- Consumer Information for SCP
- Sustainable Lifestyles and Education
'Tell me more and (maybe) I’ll do it: consumer information for sustainable decisions?' is the seventh webinar from the broader series: ‘Sustainable Living 1.5: Empowering People to live better and lighter’.
Date: 20 October 2020
Time: 14.00-15.30 CET
Context: Consumers play an important role in the transition towards more sustainable patterns of consumption and production and the achievement of Sustainable Development Goal 12. Consumer information tools such as ecolabels or apps can enable consumers to make more informed choices. However, there are many challenges in ensuring that the provision of reliable sustainability information effectively leads to more sustainable decisions.
14:00 – 14:15 Opening remarks
14:00 – 14:05 Welcome and introduction to the Webinar Series – Garrette Clark, UNEP
14:05 – 14:10 Introduction to Consumer Information Programme – Noer Adi Wardojo, Head, Center for Standards, Ministry of Environment and Forestry Indonesia
14:10 – 14:15 Introduction to consumer information – Nils Heuer, Consumer Information Programme , UNEP
14:15 – 14:55 Panelists’ presentations (8 minutes each)
14:15-14:23 Consumer information tools for low carbon choices – Beatriz Martins Carneiro, UNEP
14:23-14:31 Mi Codigo Verde, a consumer platform on product sustainability – Antonia Biggs Fuenzalida, Lead Sustainable Consumption and Production / Circular Economy at Fundación Chile
14:31-14:39 Product and lifestyle calculators – Vanessa Timmer, One Earth
14:39-14:47 Consumer insights – Helio Mattar, Akatu Institute
14:47-14:55 Effective communication to engage consumers – Claire Kneller, WRAP
14:55 – 15:30 Panel discussion and Q&A
14:55 – 15:20 Moderated discussion with panelists
15:20 – 15:30 Q & A with audience
Moderation: Naomi Scott-Mearns, Sustainable Consumption Manager at Consumers International
Key messages from webinar #7 Tell me more and (maybe) I’ll do it: consumer information for sustainable decisions
Many people in the sustainability field strongly believe that if consumers have the right information, they would do the right thing and opt for sustainable choices. But governments and businesses also play an important role to enable and provide more default sustainable living options. The seventh webinar from the broader webinar series Sustainable Living 1.5: Empowering people to live better and lighter invited expert panelists to discuss the empowering role of consumer information tools and how we can encourage behavior change for more sustainable decisions.
1. Introduction to consumer information
First, Noer Adi Wardojo (Head, Center for Standards, Ministry of Environment and Forestry, Indonesia) introduced the work of the UN Consumer Information Programme (CI-SCP) which is also part of the One Planet Network. “The objective of the programme is to support the provision of quality information on goods and services, and effective strategies to engage consumers in sustainable consumption.” Currently, there are four working groups that work on guidelines to provide product sustainability information; ecolabels; product lifetime extension to advance the circular economy; and biodiversity and communication – all of this with the intention to make it easier for consumers to make sustainable choices!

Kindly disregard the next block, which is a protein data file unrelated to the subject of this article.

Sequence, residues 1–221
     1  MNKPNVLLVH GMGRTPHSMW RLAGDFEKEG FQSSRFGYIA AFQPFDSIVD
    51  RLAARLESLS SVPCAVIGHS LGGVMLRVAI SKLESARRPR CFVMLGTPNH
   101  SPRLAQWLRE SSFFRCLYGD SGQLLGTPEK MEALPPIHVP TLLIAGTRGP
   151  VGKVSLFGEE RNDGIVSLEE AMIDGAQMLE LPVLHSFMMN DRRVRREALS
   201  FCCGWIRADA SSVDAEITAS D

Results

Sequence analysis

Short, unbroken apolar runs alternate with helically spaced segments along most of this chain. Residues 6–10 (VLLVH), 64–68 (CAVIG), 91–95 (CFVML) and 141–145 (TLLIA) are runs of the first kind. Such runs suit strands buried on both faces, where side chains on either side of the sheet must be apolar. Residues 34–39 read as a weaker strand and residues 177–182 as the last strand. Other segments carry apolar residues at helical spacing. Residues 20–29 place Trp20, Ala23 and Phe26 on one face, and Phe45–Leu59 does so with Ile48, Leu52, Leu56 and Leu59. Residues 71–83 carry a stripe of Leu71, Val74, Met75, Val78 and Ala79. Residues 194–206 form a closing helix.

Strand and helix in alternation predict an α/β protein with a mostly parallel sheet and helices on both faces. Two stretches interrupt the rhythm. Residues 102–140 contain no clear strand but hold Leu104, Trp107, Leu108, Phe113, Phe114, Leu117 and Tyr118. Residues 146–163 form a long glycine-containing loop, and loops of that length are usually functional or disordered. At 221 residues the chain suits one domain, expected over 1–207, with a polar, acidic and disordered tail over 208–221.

Next, Nils Heuer (Consumer Information Programme , UNEP) explained how consumer information can support behavior change and decision making. But what does consumer information actually mean? “It’s the information that consumers need to make an informed choice. If we want to enable consumers to make sustainable consumption decisions, sustainability information needs to be accurate, credible and accessible!” Generally speaking, consumer information tools are the means to communicate this information and eventually guide consumers to make more sustainable choices when purchasing goods or services. Such tools can include certifications, ecolabels, ratings, benchmarks, consumption calculators, digital tools or consumer information campaigns. Yet, one of the key challenges is the complexity of the sustainability concept itself and the difficulty to design tools that address all the different aspects and dimensions of sustainability. Besides, there is still an issue with credibility, trust and confusion regarding the information that is provided but not necessarily backed by strong evidence, which can ultimately evade the trust of consumers or confuse them. It is also important to mention that consumer information is only one of the ways to encourage sustainable consumption and there are many other factors influencing behaviour change, including better education and communication!
2. Consumer information tools for low carbon choices
Beatriz Martins (Programme Management Officer, UNEP) explored what key information triggers consumer action and facilitates low-carbon choices, particularly in the buildings, food and tourism sector. As we all know by now, behavioral change is a key element in fostering climate change mitigation and consumer information tools play an important role in this context! For instance, using carbon labels that focus on energy use and greenhouse gas emissions are commonly used as tools for policy, marketing and to guide consumer decisions but can also help companies to benchmark products and improve their performance. Carbon labels need to provide intuitive information to the consumer. For example, the use of the green to red scale label has shown to work more effectively than the one just mentioning the absolute CO2 footprint of a products with which consumers do have any comparison point for. From a different perspective, social norms also have a great potential to influence our consumption behavior. Therefore, soft policies that enhance the public debate around sustainability – through advertisement or information tools for example – can be an important driver for changing these social norms and spurring long term behavior change. Tourism, buildings and food systems are characterized by rapid growth in emission levels and some consumer information tools are more effective than others, depending on the sector. “While certifications addressing personal health aspects are effective in the food sector and have a significant influence on behavior, certification tools in the tourism sector have limited importance for tourist’s decision making. If we want to have effective labels, we should combine information on quality aspects with the information on carbon emissions!”
3. Mi Codigo Verde, a consumer platform on product sustainability